Based on these projections, the normal growth in FBR revenues can be derived as ranging from 7 percent in the sales tax to 10 percent in the income tax, with growth in the two smaller taxes, customs duty and excise duty, within this range. Overall, in the absence of taxation proposals, FBR revenues are unlikely to increase by not more than Rs 350 billion. Heavy additional taxation will need to be avoided if the economy is not to slump further. At best, progressive additional taxation of Rs 200 billion is possible.
Non-tax revenues will see a peak of Rs 1350 billion in 2019-20, with SBP profits contributing almost half to this record level of revenues. However, with the large fall in interest rates, SBP profits in 2020-21 could come down sharply by over Rs 250 billion. Simultaneously, profits of public sector corporate entities like OGDC and PPL are down and the flow of dividends to the government will be lower. Overall, non-tax revenues could be lower in 2020-21 by almost Rs 300 billion.
Therefore, taking the above factors into account, the net change in 'fiscal space' for budget making is given below. It is close Rs 1400 billion, equivalent to 3 percent of the projected GDP in 2020-21.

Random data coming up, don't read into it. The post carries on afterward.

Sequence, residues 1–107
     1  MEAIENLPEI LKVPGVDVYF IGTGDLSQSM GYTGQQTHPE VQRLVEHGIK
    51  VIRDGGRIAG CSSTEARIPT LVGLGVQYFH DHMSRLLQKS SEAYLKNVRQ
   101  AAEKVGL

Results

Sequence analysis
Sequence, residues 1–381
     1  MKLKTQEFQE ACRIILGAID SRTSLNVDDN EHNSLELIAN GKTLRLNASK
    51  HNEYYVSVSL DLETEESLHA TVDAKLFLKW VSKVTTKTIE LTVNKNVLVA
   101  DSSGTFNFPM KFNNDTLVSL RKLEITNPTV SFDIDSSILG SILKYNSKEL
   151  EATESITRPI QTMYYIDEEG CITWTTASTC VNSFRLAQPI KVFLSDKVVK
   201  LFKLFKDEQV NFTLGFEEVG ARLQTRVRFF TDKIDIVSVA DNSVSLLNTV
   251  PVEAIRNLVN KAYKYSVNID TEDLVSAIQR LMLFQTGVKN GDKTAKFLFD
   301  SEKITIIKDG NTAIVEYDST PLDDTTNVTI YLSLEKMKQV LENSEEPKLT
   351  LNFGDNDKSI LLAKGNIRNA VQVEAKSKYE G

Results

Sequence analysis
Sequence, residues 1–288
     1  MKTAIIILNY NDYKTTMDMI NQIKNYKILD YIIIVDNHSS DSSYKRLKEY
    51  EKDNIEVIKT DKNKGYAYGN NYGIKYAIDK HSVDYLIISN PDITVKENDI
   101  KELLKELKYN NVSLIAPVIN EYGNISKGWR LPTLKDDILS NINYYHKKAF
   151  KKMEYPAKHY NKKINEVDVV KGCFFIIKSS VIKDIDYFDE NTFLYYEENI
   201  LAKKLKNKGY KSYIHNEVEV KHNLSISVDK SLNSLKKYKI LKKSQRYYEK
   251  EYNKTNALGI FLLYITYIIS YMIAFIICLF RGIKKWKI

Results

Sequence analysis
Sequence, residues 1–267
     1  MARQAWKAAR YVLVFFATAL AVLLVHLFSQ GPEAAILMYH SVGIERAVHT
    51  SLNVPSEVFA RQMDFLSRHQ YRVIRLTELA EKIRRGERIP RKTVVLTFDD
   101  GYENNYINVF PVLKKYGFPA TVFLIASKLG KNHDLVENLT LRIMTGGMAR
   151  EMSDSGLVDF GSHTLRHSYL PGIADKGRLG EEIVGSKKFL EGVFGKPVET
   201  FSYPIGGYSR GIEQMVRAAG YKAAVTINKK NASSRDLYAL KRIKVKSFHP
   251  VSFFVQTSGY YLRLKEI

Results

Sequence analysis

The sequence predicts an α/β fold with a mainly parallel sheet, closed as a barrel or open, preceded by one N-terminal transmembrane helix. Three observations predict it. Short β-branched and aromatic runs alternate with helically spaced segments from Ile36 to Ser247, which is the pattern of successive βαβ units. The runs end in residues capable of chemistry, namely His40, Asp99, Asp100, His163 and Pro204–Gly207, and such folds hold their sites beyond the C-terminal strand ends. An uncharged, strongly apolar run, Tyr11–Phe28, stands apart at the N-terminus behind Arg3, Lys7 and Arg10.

(Rs in Billion)
Reduction in cost of debt servicing 950
Higher rate of Petroleum Levy 150
FBR Revenues Increase:
Normal growth 350
Additional taxation 200
Decline in non-tax revenues -250
Net Fiscal Space 1400
A balanced approach would be to use half the fiscal space for deficit reduction and the remaining half for increasing public expenditure in critical areas like providing relief to the poor and unemployed and giving special tax incentives for reviving vital sectors. This strategy will imply a budget deficit at the Federal level of 8.1 percent of the GDP in 2020-21, which will be a major step forward compared to the last two years. The remainder of the fiscal space of Rs 700 billion could be used as follows:
(i) Increase in the budgetary allocation for grants and subsidies of Rs 300 billion, to sustain and expand, if necessary, the coverage of the relief packages.
(ii) Increase in the size of the Federal PSDP by Rs 100 billion to provide a small fiscal stimulus to the economy and raise the GDP growth by 0.5 percentage point.
(iii) Increase of Rs 150 billion in other budget heads including defense services. This will provide for growth in these expenditures of almost 8 percent.